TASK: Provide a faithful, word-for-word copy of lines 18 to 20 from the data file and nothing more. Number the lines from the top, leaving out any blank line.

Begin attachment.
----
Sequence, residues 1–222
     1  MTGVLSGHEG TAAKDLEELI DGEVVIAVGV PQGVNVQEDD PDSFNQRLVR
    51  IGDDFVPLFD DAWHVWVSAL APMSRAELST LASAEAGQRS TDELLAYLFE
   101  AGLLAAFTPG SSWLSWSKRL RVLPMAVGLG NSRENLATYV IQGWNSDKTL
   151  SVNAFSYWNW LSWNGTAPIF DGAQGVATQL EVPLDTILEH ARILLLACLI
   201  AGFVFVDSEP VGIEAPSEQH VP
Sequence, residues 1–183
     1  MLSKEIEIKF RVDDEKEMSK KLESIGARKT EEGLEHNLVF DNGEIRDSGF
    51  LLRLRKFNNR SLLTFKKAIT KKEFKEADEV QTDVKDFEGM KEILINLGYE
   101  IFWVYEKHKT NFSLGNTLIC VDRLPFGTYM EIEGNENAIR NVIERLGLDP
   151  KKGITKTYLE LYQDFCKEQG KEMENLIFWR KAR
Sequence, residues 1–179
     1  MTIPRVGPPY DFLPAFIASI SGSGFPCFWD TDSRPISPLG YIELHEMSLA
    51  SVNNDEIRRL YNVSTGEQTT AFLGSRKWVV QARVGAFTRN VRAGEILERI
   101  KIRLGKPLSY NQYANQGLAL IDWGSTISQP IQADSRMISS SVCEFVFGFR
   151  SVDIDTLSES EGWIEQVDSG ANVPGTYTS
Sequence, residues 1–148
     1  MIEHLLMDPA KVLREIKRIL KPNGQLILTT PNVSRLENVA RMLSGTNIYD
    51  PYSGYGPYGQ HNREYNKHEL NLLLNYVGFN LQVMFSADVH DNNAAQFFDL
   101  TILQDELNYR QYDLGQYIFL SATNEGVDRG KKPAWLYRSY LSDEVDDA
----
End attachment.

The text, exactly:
     1  MIEHLLMDPA KVLREIKRIL KPNGQLILTT PNVSRLENVA RMLSGTNIYD
    51  PYSGYGPYGQ HNREYNKHEL NLLLNYVGFN LQVMFSADVH DNNAAQFFDL
   101  TILQDELNYR QYDLGQYIFL SATNEGVDRG KKPAWLYRSY LSDEVDDA